One phrase of which some Greek writers were fond need not be taken too seriously. Barbarians, we are told, are by nature slaves.[48] It would be an error to attach much importance to the statement. Greeks did not really believe that Darius or Datames or Hamilcar was servile in character or in disposition. The expression was merely the facile chauvinism that military prestige readily stirs up in any nation. So at certain times some Englishmen were ready to call the French 52cowards, or Frenchmen to call Prussians so. Among the Greeks the principal basis for the statement was the fact that the activity of Greek merchants and pirates filled every city with slaves of all foreign nations. Indeed the phrase is no more than a generalized assertion of that state of things.

We shall have to qualify similarly the statement now and then encountered of a natural and permanent hostility between Greeks and barbarians. It is a commonplace of Athenian orators, but it practically always concerns the real hereditary enemy of Greeks, and particularly of Athens—the Persians. It is in calling the Greeks against their ancient foe that Isocrates uses the phrase,[49] and in Demosthenes[50] it is especially based upon the hostilities so long maintained between Athens and Persia and the ancient grudge Athenians bore for the sack of their city in 480 B.C.E.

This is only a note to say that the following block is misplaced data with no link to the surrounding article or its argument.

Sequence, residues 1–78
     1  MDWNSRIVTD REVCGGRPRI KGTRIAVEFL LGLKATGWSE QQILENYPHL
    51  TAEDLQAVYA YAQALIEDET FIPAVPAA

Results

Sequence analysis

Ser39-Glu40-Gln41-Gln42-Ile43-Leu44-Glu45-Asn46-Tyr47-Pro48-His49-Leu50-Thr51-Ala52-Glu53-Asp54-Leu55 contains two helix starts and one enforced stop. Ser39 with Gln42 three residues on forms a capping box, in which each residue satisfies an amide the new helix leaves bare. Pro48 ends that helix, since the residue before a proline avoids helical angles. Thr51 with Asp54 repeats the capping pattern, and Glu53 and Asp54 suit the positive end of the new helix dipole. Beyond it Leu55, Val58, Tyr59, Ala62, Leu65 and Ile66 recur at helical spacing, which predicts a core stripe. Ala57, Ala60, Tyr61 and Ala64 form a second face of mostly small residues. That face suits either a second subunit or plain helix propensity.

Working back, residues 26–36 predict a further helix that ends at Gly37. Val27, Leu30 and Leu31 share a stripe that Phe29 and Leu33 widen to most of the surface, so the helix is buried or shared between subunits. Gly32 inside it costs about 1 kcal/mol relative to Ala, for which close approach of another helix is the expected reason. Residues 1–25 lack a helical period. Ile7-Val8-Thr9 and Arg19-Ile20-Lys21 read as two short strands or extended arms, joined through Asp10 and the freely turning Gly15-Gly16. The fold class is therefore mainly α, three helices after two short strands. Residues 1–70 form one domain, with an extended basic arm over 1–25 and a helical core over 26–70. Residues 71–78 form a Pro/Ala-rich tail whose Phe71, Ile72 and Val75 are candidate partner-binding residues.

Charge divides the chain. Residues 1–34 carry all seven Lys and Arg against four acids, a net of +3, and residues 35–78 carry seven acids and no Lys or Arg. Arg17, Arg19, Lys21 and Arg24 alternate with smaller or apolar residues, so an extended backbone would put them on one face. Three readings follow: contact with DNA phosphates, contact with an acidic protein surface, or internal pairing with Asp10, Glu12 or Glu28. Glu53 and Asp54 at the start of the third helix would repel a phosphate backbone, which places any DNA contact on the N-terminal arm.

The first achievement of united Hellas was the invasion of Persia, although it was under Macedonian leadership that this was done, but soldiers of Alexander appeared as Greeks to the East, and Alexander is מלך יון, melek Yavan, “king of Greece,” in the Book of Daniel.[51]

Just at this culminating point in the development of Greek nationality, the process of blurring began. Greek and non-Greek were no sooner sharply contrasted than by the conscious assimilation policy of Alexander’s successors the lines tended to obliterate themselves. At first Greek culture was dominant, but beneath it Syrian, Egyptian, and Cappadocian obstinately survived, and ultimately, under Christian and Mohammedan influences, 53regained their place. It is with one phase of this specific problem—the threatened submergence of an Asiatic people by Greek culture—that we are particularly concerned.

The attitude of Romans toward other nations was, as might be expected, even more arrogantly that of masters and conquerors. But where we find among Greeks a certain theoretical importance attached to purity of Hellenic descent[52] (which, by the by, was largely ignored in practice), the Romans scarcely understood what the term meant. A system in which emancipated slaves were citizens, who in the second generation were eligible to high civic honors,[53] and not infrequently attained them—such a system did not tend to encourage claims to purity of blood. That does not mean that foreign origin, real or suspected, could not at any time become a handle for abuse. Cicero fastens on the Celtic strain in Piso’s lineage with savage delight, just as Demosthenes’ enemies rarely forgot to remind him of his Scythian grandfather.[54] But these are not matters of real significance. The significant fact was that they who were Liby-Phoenicians in one generation were descendants of Romulus in the next.[55]